Currently viewing the tag: "peace"

Today, the UN Security Council members are expected to discuss the humanitarian crisis in Tigray.

It’s a matter for UN Security Council urgent business for several reasons.

First, it’s an internationalized crisis: there are over 45,000 refugees in Sudan and within weeks there could be three times that number. There are over 100,000 Eritrean […]

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When the World Food Program accepts the Peace Prize, they will need to be discreet. We can be more candid. Let’s name some names…

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This 11th of July marks-the 30th anniversary of the Declaration on the political and socioeconomic situation in Africa and the fundamental changes taking place in the world. Adopted by the Organization of African Unity (OAU) in Addis Ababa, the Declaration has been the bedrock of many of Africa’s normative and policy advances over the past three decades

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The World Peace Foundation stands with the African American-led movement demanding equality and justice and denouncing police brutality.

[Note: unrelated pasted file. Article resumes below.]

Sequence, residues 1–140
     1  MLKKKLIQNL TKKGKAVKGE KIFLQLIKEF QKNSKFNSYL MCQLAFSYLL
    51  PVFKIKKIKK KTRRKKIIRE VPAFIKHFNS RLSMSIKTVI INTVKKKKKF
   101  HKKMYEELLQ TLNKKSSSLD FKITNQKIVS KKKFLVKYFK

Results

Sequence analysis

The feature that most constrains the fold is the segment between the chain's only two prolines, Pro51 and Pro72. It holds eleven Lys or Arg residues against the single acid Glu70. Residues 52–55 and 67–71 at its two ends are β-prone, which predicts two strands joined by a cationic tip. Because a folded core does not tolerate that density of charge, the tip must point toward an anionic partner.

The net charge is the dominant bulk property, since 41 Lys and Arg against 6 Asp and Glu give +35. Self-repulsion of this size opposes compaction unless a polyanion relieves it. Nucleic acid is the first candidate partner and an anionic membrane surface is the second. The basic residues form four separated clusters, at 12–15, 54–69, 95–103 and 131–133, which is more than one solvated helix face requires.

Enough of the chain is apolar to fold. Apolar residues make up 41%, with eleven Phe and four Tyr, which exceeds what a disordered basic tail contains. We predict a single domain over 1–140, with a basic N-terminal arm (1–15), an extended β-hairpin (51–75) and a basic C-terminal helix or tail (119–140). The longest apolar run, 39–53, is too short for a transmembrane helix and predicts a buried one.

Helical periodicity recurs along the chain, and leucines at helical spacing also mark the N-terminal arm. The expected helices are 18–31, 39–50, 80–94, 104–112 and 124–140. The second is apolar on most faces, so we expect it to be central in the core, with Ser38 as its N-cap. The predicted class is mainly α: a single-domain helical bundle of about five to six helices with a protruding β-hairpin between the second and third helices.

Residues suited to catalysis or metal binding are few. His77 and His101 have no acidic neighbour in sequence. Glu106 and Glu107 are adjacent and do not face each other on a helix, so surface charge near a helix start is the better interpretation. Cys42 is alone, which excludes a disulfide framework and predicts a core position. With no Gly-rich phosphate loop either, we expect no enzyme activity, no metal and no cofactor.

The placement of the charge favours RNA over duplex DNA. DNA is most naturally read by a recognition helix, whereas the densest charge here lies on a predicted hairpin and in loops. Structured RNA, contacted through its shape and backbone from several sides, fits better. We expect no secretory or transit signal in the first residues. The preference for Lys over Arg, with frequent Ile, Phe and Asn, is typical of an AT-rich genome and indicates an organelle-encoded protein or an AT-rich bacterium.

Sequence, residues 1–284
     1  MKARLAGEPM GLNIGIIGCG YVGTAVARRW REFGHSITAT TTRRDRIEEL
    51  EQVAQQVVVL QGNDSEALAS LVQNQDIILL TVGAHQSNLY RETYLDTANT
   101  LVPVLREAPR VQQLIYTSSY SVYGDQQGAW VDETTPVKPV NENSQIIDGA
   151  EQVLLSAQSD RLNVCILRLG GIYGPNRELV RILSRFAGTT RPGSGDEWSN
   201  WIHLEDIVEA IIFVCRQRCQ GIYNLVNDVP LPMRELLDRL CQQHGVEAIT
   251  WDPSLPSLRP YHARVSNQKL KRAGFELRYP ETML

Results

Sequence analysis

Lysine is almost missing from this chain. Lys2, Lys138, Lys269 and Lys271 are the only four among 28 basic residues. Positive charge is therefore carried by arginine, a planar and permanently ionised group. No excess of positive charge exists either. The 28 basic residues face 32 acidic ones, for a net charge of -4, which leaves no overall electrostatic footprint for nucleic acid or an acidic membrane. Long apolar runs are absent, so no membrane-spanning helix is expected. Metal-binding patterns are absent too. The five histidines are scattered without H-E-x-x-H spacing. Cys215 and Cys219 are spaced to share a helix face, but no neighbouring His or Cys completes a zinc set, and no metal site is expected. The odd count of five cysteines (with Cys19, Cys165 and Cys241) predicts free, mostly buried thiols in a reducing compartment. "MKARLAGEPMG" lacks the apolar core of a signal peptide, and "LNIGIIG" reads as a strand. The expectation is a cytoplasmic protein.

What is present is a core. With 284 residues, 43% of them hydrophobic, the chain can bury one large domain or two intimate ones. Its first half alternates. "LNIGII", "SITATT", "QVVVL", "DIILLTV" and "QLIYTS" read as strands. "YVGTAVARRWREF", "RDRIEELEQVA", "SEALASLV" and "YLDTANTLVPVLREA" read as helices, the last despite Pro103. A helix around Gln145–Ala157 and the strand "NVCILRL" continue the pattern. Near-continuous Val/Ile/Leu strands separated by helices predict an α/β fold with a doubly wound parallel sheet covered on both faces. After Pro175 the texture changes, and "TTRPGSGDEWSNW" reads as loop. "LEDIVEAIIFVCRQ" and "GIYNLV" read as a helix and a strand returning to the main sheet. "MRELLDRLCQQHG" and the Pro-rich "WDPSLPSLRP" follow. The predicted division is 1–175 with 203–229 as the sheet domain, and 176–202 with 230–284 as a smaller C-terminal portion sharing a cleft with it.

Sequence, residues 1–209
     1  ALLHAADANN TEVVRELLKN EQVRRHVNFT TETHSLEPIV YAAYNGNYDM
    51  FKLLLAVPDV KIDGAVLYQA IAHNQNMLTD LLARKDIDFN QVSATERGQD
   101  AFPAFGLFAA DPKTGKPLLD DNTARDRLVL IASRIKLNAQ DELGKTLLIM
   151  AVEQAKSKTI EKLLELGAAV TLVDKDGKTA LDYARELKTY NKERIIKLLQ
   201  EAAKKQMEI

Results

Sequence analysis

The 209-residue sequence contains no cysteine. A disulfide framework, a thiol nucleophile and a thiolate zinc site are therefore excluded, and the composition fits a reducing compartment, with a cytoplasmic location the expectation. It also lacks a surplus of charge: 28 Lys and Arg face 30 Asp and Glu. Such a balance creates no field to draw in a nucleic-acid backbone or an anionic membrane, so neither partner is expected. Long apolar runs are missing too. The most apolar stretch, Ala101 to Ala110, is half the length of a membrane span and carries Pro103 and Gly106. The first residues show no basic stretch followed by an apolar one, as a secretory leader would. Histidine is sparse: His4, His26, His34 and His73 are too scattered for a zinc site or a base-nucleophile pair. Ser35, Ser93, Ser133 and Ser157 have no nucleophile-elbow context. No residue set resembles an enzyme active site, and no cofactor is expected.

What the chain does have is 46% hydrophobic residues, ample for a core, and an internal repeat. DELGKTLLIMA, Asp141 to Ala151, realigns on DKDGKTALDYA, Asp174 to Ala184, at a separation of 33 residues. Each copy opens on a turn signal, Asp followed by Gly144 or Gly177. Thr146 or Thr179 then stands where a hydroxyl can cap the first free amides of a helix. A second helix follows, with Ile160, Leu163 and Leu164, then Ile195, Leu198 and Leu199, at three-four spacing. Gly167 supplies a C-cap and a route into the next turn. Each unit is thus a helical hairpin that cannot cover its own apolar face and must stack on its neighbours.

Throughout history, Black-led justice movements—some originating in the US, but also from within Africa and across the diaspora—have resisted oppression and injustice, and have inspired others to do the same. Today is no different.

Peace […]

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The World Peace Foundation’s ‘employee of the month,’ is an award bestowed on someone or something that contributes to keeping the Foundation in business. This is to say, the someone or something that hinders world peace.  Read more on the World Peace Foundation Employee of the Month.

On April 2, 2018, Abiy Ahmed was […]

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Starvation isn’t at the core of these malign political developments. But it’s clear that xenophobia, corruption and dishonesty are the enemies of humanitarian action and advocacy in the short term, and in the longer term they will impede sustained action to mitigate climate crisis and its traumas. The people who are deprived of what is indispensable for sustaining life, whether in Yemen or South Sudan, in refugee camps in Bangladesh or in detention facilities on the U.S.-Mexico border, are not only the victims of starvation crimes in need of our aid and advocacy, but are the wind chimes that warn of approaching storms.

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